When thinking about HR technology, the question, “how do we ensure that we aren’t losing the human aspect of HR” has always been on my mind. More than ever in 2020 this question rings true. We are in a unique time in which technology has become the driving force of connection, but also a time where our people simply need more from us. So how do we balance these challenges?
The first thing to keep in mind when thinking about the usage of tools & systems is that they should mirror your philosophy on people and day to day management practices. What does this look like?
The first step is to choose and build out systems that serve not just as a resource or training hub, but as an opportunity for meaningful connection and engagement. When exploring Learning Management Systems, Company Intranets and Human Resources Information systems, aim to make these systems an accurate reflection of your employer brand. When employees log on is the content engaging, authentic and relevant? Do they feel your mission, vision and values reflected throughout the site? Does the platform encourage employee interaction? Several platforms have the ability to recognize employee celebrations (birthdays and anniversaries), send recognition messages, share team photos and more. The more you can combine these moments of interpersonal connection with training or resource touch points versus having them live within different platforms, the more meaningful and humanized your user journey will be.
“In a time where offices have been forced to go remote, communication technology tools have become more important than ever”
When thinking about performance management, the tools & systems you utilize should also support your overall people philosophy. If ratings and preset questions don’t make sense for your organization, don’t settle for a system that cannot be customized. More importantly, how are you living and breathing your performance management philosophy? Employees should not rely solely on reminders or prompts from systems. Leadership, not just HR, should be championing a culture of feedback and creating a space in which performance management and reviews are not viewed as daunting or dreaded, but rather as a time to collaborate, celebrate wins, and identify new ways to learn and grow.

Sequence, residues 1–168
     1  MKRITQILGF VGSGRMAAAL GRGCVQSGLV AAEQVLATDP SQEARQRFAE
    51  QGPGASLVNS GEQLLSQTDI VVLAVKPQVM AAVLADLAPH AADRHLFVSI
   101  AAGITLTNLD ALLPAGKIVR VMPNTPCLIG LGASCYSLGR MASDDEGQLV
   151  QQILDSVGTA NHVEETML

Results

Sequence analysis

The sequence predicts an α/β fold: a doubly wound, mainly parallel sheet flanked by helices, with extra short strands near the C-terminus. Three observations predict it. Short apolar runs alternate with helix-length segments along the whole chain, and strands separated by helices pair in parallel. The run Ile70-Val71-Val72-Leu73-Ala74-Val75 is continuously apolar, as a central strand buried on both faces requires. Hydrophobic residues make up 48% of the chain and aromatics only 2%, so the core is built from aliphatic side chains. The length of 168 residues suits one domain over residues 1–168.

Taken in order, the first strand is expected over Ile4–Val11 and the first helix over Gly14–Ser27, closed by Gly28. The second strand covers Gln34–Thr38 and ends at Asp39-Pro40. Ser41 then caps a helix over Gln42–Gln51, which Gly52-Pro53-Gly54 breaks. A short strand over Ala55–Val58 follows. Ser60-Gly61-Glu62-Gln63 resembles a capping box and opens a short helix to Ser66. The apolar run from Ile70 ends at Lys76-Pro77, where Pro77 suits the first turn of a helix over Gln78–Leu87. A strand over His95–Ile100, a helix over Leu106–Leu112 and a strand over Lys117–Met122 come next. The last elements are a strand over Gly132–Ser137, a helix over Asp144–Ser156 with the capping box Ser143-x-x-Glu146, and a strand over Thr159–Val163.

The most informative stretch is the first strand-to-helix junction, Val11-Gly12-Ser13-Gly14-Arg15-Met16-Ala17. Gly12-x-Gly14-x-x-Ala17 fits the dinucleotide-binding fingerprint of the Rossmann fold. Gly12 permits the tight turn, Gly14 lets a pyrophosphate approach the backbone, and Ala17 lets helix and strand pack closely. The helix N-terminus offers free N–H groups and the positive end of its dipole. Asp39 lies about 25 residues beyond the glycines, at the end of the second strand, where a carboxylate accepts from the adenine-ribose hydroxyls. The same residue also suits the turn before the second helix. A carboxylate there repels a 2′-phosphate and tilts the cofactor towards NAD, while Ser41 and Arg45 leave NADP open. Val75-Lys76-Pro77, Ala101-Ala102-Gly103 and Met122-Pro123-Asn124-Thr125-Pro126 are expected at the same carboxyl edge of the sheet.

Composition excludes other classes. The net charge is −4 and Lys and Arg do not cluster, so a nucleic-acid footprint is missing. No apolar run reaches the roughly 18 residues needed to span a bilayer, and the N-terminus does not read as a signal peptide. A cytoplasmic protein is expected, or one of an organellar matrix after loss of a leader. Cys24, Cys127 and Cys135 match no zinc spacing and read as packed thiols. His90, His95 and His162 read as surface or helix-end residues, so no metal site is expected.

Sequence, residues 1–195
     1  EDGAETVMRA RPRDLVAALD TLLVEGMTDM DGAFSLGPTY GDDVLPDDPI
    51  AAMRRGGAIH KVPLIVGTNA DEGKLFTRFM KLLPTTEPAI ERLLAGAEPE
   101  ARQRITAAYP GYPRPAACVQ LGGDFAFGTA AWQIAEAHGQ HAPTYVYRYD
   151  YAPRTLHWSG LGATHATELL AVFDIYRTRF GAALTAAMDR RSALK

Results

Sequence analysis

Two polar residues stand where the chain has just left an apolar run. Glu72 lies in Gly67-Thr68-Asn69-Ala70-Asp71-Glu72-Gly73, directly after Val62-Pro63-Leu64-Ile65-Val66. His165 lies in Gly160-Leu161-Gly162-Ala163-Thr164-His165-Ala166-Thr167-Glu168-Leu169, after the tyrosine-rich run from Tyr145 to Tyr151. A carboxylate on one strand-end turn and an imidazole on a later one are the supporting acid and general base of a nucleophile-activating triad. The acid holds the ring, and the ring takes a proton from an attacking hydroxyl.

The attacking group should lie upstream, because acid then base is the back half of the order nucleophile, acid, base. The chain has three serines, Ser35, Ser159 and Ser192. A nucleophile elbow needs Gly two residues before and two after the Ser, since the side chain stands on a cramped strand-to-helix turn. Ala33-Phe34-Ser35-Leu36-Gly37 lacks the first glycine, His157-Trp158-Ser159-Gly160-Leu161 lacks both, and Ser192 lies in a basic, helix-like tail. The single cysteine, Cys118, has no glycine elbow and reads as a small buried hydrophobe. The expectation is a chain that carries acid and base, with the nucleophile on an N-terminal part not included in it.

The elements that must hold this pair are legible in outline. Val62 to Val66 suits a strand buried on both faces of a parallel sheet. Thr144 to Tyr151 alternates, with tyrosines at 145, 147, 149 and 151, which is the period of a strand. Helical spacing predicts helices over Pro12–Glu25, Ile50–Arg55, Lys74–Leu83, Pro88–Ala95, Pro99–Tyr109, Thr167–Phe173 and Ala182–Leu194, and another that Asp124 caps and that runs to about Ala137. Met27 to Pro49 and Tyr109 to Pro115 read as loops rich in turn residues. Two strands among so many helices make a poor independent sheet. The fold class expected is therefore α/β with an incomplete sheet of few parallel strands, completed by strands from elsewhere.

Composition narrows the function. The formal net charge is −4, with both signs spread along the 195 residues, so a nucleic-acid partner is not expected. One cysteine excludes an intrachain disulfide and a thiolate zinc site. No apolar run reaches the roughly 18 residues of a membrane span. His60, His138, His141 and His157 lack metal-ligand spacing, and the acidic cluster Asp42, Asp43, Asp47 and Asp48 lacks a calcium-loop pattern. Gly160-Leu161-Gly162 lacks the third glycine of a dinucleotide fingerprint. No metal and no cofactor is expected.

In a time where offices have been forced to go remote, communication technology tools have become more important than ever. Slack, email, videochat - while these tools have enabled remote work and created transformational efficiencies in the workplace, more thought must be put in to ensure that they are not hindering our ability to more deeply connect with each other. A starting point is to outline how to use these different systems and when. For what types of topics are you emailing vs. slacking? When do you commit to moving the conversation to video chat or phone if it becomes conflicting or heated? Ensure that new hires understand this when entering the organization and that as a team you are holding each other accountable to these promises.
When communicating via tech systems, we can also easily fall into multitasking. We become distracted having multiple tasks and messages in front of us, and fail to be fully present. While for some conversations this is a non-issue, for others it can be incredibly harmful. Videochat tends to be one way to avoid falling into this. However on the other hand remote technology burnout is real. There may be days where a team member needs to take a phone call on a walk instead of being in front of their computer screen. This is especially more possible now, at a time when we are relying more heavily on video chat to stay connected in our personal lives as well. How are you creating a culture in which this is supported? While there is no perfect answer, it starts with normalizing these conversations and making it a point to check in.
At the end of the day, the key to creating a technology-focused, people-first environment means that the systems & tools you use are supporting your people efforts, not replacing them. Employees should feel that the experiences they have - whether interpersonal or technological - are genuine, thoughtful and meaningful.